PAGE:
Some questioned if the airline would ever get them, but Iraqi Airways has taken delivery of its first Airbus A220-300 on January 6. It is the first new aircraft joining the fleet since the fourteenth and final brand-new Boeing 737-800 in August 2017 and confirms Iraqi’s intentions to renew the fleet. Iraqi Airways builds its future with first A220.

The airline, of which history goes back 76 years to January 1946, has seen troubled years with countless international and civil wars, the end of Saddam Husayn and the emergence of IS, a broken fleet, huge financial difficulties, and ending up on the EU black list of unsafe carriers. But despite the setbacks, Iraqi Airways tried rebuilding its fleet and network.

In April 2008, it placed an order with Boeing for thirty 737-800s, of which fourteen were delivered between July 2013 and August 2017. By 2012-2013, it received its first of two used Airbus A320ceo’s and two A321ceo’s, its only A330-200 and one 777-200LR. They complemented the used 767-300 that arrived in 2010 and the two 747-400s, which joined in 2010 and 2013, plus six Bombardier CRJ-900s that were delivered between 2008 and 2011.

Iraqi Airways took delivery of fourteen Boeing 737-800s between 2013 and 2017. This aircraft was delivered in May 2014. (Iraqi Airways)

On December 4, 2013, Bombardier announced a firm purchase agreement from Iraqi for five CS300s plus eleven options, confirming the Letter of Intent that was announced one month earlier at the Dubai Airshow. “Following the successful utilization of our six CRJ900 NextGen aircraft over the past few years, the acquisition of the CS300 aircraft will complement our network operations and allow us to expand into new markets,” CEO Saad Al-Khafaji was quoted in a press release.

No delivery date was given, but the CSeries became the A220 when Bombardier sold its stake to Airbus in 2018. The first A220 in Iraqi colors and registered YI-ARE (main picture) was seen in the paint shop in October last year. According to Airbus data, the ownership was transferred to the airline on November 8 but she stayed in Mirabel until January 6, when she flew to Manchester before continuing to Baghdad. ARF should follow soon, but the production list shows no immediate follow-on deliveries to Iraqi.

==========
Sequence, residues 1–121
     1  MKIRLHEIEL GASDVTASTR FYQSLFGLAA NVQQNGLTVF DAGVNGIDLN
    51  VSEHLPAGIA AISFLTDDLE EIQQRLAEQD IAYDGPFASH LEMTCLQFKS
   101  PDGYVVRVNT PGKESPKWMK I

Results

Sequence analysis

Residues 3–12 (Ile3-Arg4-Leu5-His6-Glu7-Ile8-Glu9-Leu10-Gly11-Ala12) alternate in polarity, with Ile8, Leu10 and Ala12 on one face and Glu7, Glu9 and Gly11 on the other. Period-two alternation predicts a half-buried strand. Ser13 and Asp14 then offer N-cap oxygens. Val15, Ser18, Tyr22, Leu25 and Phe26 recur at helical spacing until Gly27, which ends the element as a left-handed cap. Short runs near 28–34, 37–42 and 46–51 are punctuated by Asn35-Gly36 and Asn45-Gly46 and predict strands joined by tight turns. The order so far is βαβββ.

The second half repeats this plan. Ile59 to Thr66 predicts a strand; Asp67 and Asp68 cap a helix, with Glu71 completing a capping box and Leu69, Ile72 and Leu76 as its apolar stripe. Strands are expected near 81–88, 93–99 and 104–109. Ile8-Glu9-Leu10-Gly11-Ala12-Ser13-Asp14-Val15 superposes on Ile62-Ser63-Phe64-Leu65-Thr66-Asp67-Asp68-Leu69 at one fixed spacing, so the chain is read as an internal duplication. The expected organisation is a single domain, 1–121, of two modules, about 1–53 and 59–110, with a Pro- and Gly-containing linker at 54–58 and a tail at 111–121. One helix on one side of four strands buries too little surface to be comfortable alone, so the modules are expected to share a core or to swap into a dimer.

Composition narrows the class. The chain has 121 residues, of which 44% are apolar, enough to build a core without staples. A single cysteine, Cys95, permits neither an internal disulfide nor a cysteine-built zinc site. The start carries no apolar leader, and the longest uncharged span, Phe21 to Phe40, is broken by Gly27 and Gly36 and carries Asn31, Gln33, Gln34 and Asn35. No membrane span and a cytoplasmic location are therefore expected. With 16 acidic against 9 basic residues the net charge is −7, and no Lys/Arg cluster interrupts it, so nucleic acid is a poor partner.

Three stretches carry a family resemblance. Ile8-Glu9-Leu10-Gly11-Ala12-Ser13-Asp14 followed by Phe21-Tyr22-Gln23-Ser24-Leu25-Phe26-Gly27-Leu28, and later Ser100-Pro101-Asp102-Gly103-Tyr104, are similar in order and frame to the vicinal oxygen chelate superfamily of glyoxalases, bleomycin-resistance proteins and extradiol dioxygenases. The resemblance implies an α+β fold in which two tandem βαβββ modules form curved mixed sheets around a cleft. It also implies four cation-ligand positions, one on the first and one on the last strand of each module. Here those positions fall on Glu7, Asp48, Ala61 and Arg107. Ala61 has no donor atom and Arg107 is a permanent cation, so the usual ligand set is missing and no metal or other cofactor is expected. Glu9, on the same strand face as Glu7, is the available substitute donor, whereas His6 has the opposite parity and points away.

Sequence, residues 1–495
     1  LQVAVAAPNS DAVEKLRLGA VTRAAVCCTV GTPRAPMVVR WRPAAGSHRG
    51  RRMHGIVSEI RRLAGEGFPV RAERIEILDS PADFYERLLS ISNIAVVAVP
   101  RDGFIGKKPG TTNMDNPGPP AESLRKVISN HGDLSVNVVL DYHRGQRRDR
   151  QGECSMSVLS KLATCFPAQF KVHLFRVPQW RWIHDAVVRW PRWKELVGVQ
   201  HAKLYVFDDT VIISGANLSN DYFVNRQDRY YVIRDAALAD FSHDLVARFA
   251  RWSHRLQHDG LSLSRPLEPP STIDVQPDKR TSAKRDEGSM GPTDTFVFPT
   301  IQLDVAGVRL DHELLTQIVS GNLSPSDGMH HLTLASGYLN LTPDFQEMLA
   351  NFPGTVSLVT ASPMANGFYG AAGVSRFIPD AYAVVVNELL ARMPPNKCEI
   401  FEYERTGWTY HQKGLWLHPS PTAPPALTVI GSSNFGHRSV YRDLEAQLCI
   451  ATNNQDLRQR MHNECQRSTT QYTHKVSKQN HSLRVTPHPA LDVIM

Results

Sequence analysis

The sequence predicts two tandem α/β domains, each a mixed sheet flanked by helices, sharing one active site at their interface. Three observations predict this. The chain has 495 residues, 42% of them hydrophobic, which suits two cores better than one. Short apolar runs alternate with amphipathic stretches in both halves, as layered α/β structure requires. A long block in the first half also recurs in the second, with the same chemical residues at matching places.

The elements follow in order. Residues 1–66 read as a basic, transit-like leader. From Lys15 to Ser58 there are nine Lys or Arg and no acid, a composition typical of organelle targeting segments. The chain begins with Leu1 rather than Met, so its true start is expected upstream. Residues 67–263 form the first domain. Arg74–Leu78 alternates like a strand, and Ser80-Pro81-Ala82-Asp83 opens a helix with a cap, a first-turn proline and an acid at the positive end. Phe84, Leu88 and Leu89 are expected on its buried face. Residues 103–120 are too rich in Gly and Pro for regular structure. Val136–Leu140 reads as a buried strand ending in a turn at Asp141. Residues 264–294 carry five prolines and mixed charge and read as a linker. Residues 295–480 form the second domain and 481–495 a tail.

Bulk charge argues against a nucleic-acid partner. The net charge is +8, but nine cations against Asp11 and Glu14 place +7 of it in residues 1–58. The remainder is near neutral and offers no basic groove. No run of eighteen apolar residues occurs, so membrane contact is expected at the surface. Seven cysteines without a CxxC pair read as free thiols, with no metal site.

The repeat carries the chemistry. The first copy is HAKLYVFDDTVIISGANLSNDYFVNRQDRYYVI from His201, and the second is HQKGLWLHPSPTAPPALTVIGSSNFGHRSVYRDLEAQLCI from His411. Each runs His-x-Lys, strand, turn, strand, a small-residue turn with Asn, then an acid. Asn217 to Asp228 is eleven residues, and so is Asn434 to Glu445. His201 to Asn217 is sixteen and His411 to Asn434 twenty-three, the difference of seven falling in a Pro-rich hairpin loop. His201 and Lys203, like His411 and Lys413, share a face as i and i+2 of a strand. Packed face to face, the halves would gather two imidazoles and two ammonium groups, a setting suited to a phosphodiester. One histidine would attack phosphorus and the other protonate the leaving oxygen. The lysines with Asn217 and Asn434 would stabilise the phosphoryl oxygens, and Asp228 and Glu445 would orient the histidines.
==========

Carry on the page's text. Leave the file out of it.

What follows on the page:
Iraqi has operated 747-400s for passenger services until recently. (Iraqi Airways)

Iraqi has ten 787s on order since 2008

The A220 with twelve Business Class and 120 Economy Class seats is ideally suited to build Iraqi’s regional network in the Middle East, like Jordan, Lebanon, Egypt, Bahrain, Iran, and Dubai, while its range should be no problem to reach former CIS states like Kazakhstan, Azerbaijan, Turkey, India, and even Europe. Remember that airBaltic serves Dubai with the A220-300 all the way from the Baltic States. That’s not too far from Stockholm in Sweden, which despite the EU travel ban for safety reasons is still listed as one of its 37 destinations on the airline’s outdated website.

In 2009, Iraqi also placed an order for nine 787-8s and one -9. The carrier was not in a position to take delivery of them and secured financing for the aircraft only in 2015. No Iraqi Dreamliners are showing on the production list. Reportedly, the carrier is looking to convert some 787-8s to -9s. While the airline told Air Transport World in December that it also has sixteen MAX 8s on order, there is no evidence for this in the Boeing orders list unless they are with undisclosed customers. The delivery of the first A220 is a start for Iraqi Airways to build its future.

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Active as journalist since 1987, starting with regional newspaper Zwolse Courant. Grand Prix reporter in 1997 at Dutch monthly Formule 1, general reporter Lelystad/Flevoland at De Stentor/Dagblad Flevoland, from 2002 until June 2021 radio/tv reporter/presentor with Omroep Flevoland.
Since mid-2016 freelance aviation journalist, since June 2021 fully dedicated to aviation. Reporter/editor AirInsight since December 2018. Contributor to Airliner World, Piloot & Vliegtuig. Twitter: @rschuur_aero.

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